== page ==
“I think students at large get a sense he’s connected to the school and it makes them feel connected to the school,” said Monica Wilke-Lewis, a special education teacher at the school and who knew Welsh when she was a Hoover Tornado in the ’80s. “More kids are involved and active, and see Hoover as their school and not just a school.”
It has been a challenge to get there, Welsh said, especially in the ’90s and in 2000. A spate of homicides and fatal car crashes shocked the school and surrounding community.
Two Armenian Americans were murdered in separate inter-Armenian disputes, one being shot near the Hoover campus and the other being stabbed in Brand Park. In May 2000, another student was killed in front of the school while trying to break up a dispute between Latino and Armenian students and gang members.
“In such a short period of time, we had those tragedies and violent deaths,” he said. “I was thinking about those kids that passed on since I’ve been here . . . I think I added a very stable factor to Hoover High School and the community over some very tumultuous years — social change, demographic change and issues that were difficult to look at.”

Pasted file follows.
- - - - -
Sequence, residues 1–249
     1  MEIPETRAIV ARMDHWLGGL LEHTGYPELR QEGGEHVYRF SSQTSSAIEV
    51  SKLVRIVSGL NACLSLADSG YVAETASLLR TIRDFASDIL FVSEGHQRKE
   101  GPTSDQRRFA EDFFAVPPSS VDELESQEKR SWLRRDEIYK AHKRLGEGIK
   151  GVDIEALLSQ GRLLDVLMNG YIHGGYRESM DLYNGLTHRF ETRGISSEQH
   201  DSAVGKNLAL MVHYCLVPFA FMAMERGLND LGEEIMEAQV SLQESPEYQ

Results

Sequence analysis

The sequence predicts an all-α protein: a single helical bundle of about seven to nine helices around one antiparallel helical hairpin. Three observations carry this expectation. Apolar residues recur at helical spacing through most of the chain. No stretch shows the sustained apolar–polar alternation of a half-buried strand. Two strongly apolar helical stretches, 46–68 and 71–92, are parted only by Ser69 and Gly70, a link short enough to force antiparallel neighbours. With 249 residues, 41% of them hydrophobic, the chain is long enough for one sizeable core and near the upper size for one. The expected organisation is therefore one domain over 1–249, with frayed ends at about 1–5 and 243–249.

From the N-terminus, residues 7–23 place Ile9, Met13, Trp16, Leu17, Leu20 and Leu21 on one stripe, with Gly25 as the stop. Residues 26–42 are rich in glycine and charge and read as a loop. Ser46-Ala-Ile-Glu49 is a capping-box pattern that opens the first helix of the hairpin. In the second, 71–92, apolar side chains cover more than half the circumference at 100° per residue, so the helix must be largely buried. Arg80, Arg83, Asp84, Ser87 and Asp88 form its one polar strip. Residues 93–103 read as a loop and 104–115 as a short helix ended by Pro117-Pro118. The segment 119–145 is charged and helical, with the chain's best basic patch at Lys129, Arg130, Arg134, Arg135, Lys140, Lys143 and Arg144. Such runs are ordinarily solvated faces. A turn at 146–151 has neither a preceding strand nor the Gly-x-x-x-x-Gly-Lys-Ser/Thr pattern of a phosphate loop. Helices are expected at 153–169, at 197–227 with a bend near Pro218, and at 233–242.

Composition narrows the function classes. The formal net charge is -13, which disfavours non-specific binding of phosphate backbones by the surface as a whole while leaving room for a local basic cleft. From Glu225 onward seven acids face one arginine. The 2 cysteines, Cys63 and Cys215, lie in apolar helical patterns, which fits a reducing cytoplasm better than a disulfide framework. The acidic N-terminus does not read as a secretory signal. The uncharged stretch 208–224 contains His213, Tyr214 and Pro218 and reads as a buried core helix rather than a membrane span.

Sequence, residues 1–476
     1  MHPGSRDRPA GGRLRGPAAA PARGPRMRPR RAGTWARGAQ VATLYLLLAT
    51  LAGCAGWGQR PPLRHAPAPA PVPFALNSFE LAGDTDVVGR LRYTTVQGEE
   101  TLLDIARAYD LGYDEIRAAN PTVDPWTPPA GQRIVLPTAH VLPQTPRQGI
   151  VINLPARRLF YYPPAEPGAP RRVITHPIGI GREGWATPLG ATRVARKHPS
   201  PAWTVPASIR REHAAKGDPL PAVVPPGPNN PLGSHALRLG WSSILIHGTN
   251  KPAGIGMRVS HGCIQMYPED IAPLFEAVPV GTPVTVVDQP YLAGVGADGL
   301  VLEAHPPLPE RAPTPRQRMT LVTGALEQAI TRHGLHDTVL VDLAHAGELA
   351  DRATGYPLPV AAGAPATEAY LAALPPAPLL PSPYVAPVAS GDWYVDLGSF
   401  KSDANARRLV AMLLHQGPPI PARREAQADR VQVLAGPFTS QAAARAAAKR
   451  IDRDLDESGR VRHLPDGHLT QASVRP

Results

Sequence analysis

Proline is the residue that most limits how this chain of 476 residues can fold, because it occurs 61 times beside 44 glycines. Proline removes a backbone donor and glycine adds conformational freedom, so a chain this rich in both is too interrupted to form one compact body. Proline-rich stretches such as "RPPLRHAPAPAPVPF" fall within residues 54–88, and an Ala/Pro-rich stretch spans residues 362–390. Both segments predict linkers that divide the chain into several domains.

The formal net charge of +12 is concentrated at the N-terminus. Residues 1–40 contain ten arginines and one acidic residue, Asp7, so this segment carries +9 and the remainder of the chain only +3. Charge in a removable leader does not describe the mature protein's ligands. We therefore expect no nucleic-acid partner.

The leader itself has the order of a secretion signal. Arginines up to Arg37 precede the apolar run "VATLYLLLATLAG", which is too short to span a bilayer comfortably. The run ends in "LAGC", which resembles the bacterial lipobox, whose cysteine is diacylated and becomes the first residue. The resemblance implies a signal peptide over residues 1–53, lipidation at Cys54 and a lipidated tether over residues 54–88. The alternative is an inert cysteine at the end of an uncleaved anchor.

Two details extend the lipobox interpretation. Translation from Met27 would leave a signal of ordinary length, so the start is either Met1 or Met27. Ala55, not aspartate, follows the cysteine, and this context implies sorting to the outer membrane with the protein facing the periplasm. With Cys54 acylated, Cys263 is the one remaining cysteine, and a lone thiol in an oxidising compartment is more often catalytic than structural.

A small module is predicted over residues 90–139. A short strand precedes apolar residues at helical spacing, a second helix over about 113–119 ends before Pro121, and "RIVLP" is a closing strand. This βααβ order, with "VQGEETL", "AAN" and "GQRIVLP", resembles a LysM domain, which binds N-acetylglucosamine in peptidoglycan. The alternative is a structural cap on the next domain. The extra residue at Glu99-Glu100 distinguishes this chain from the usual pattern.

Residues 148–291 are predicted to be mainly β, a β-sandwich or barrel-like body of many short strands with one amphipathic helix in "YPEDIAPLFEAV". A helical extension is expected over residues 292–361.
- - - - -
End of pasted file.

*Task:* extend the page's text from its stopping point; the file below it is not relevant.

Incoming freshman were taken to Big Bear and Catalina for the next few years, trips that provided valuable healing for students and their families, Welsh said.
“It was like Moses coming off the mountaintop,” he said of the program that ended in 2004.
The role of the principal has changed too. Not only has Hoover, in Welsh’s time there, evolved from a system of co-principals, but the position has taken on new roles with the advent of standardization and accountability exams.